Ambient Guitar | Sound Design Sessions 3

Less talk, more audio. In a lot of ways, I’ll admit that previous “releases” of mine may have been better put to use as personal, or shared, demos that illustrate specific techniques and approaches. I’m trying my best to get those out in a more productive way to make way for deeper, more engaging recording projects in the future.

Two guitar loops run through a series of delays using flange and phase for modulation.

All sounds created with guitars:

The Problem with New Gear

A couple weeks ago I waded through the epic sea of other gear heads over at the Brooklyn Stomp Exhibit. It was an intense event with hardly any room to move, let alone enough room and silence to really hear the effects I got to try out.

Despite all the mania, I did get to try out one incredible delay pedal, the Thermae from Chase Bliss Audio. This thing was insane–really, that’s how enthused I am that I have to say that. While the disorientation I was experiencing from the event made it tough to really zone in on what was going on with this device, the layers it was able to generate was incredible–and the expandability through midi and CV audio–make it just what I’ve been looking for out of a guitar pedal that’s more forward thinking in its application. Interfacing something like that with the Helix or my other delay pedals would not only allow me to explore some of my existing sounds in new ways, but would open some new approaches to performance and composition.

But I can’t get it yet! Sure, the price is part of that, but mostly because I know that this device would radically change my approach right now and I’m not yet sure I’m ready for that. My current setup really works well, and I’m not yet done exploring all I can do with that. I’m not necessarily referring to the limitless capabilities of the Helix, but I’m referring to how the Helix is working with everything else.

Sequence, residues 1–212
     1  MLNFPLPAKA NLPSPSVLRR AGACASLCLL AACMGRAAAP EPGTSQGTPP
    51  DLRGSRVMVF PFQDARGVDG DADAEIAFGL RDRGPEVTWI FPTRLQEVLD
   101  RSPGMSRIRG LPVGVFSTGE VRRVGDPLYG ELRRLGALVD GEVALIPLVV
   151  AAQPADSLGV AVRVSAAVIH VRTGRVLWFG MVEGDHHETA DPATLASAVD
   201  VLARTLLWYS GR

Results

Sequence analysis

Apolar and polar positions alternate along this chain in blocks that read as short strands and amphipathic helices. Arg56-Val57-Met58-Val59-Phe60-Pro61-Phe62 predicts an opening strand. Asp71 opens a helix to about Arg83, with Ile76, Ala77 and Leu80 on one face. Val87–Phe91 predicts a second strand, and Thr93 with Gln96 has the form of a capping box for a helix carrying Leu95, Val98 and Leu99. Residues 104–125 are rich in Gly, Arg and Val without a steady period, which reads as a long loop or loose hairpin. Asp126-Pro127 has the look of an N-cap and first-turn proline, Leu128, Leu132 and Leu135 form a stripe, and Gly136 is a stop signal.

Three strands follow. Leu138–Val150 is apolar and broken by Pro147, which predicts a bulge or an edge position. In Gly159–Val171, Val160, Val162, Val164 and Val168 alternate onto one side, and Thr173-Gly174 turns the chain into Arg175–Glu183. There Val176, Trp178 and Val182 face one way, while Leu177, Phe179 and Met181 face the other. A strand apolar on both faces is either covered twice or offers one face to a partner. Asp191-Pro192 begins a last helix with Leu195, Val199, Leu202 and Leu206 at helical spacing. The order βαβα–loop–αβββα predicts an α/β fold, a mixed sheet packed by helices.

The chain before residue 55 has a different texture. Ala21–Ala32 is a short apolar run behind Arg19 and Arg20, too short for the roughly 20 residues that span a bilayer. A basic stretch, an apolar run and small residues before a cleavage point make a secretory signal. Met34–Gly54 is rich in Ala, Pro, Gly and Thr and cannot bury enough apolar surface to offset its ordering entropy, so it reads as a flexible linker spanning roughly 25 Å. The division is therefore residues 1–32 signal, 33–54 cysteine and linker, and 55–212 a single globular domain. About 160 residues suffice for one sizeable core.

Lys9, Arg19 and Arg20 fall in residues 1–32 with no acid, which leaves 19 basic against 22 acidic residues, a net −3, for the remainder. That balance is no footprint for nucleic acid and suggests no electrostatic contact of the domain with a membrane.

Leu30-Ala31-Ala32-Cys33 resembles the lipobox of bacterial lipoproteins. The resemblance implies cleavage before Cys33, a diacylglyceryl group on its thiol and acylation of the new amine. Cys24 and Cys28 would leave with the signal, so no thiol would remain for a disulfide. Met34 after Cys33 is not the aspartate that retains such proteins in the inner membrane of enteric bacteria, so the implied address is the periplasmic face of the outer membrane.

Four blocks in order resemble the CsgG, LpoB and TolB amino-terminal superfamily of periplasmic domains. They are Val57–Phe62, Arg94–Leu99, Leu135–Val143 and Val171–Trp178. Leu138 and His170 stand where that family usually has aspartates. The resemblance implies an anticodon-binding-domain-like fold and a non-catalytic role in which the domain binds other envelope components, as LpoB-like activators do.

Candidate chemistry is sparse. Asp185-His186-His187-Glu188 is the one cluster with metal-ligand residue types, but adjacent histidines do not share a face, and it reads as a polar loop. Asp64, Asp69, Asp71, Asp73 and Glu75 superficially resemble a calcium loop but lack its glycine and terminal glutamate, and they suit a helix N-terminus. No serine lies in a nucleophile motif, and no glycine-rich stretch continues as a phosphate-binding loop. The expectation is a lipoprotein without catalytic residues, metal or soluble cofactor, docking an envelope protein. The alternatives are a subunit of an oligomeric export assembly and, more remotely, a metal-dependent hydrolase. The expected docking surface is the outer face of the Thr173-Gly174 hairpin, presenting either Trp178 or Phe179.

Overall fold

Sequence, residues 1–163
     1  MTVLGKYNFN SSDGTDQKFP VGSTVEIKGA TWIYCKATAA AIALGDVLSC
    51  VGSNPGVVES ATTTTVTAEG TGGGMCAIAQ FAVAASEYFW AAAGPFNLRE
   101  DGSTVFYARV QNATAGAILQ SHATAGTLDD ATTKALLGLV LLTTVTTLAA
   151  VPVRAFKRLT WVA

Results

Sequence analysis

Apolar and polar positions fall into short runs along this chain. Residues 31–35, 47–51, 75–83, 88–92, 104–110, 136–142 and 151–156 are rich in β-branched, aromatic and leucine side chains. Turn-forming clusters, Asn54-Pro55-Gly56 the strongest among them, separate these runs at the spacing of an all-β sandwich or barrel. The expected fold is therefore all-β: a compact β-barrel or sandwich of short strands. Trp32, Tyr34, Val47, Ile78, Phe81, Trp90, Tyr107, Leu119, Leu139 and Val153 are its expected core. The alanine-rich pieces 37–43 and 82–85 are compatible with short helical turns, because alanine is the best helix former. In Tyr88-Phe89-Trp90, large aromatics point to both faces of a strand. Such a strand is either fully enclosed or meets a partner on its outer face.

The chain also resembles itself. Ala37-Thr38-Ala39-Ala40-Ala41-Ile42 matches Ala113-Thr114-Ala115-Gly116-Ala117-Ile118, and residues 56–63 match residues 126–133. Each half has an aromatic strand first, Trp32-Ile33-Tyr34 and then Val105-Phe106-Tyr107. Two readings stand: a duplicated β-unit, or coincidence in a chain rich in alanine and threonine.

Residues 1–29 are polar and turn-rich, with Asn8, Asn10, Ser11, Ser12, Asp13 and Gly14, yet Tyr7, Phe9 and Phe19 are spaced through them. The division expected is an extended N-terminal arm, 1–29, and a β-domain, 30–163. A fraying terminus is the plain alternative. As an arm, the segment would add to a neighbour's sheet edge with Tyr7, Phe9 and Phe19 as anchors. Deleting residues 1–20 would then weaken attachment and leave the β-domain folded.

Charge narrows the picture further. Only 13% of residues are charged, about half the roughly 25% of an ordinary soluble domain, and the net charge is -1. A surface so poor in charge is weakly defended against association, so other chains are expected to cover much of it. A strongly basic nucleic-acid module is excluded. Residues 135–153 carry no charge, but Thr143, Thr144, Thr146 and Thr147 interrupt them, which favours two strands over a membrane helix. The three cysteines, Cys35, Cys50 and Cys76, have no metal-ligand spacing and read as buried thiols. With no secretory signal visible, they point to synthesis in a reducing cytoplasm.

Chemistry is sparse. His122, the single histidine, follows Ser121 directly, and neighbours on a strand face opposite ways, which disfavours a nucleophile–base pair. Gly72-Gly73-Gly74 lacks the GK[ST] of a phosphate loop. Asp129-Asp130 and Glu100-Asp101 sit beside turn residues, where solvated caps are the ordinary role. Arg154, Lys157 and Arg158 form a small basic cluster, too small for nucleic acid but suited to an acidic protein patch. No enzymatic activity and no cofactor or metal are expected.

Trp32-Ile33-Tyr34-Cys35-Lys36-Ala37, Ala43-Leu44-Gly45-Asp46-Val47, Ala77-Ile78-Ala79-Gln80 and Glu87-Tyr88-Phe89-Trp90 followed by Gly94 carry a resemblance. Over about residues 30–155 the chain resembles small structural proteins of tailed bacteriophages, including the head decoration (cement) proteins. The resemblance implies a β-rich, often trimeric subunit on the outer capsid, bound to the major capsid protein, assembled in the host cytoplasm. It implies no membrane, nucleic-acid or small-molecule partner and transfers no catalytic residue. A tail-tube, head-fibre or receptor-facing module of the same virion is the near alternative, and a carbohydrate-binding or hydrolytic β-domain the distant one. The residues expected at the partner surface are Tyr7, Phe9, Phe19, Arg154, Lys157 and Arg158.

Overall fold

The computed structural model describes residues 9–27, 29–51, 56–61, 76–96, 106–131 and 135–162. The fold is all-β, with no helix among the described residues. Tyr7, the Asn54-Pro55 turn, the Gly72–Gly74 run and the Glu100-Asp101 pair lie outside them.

I’ve got a groove; I know where I want the sound to go eventually, but I’m not ready to shake things up. It’s a lesson I’ve learned to not only be content with the gear I have, but to recognize what I can already do with the existing equipment at my disposal–allowing me to expand mindfully and where it’s necessary, ready for all the challenges and changes that come with adding a new component to the arsenal.

Let it Ring

As I wrote about earlier, pushing the guitar into a sound space it doesn’t occupy natively (that is, the essence of strings pressed against a surface and amplified acoustically or electrically) has pushed me to find more creative ways to achieve not just ambience, but dynamic ambience of the kind we tend to expect from electronic instruments that use a variety of sequencers and other automated processes that allow the musician to operate between the boundaries of composition, experimentation and performance (and no, I’m not just referring to improvisation).

This has been one of those discoveries: letting the ebow rest on the strings (lapsteels are best) and running the sound through a variety of effects that either create unique sounds over time (delays, and stacks of delays, for example) or ones that can be manipulated; plus, when your hands are free, you can more directly adjust and manipulate effects without needing to keep the strings wringing with a pick or your fingers.

This is also a fantastic way to burn through 9 volt batteries on the ebow.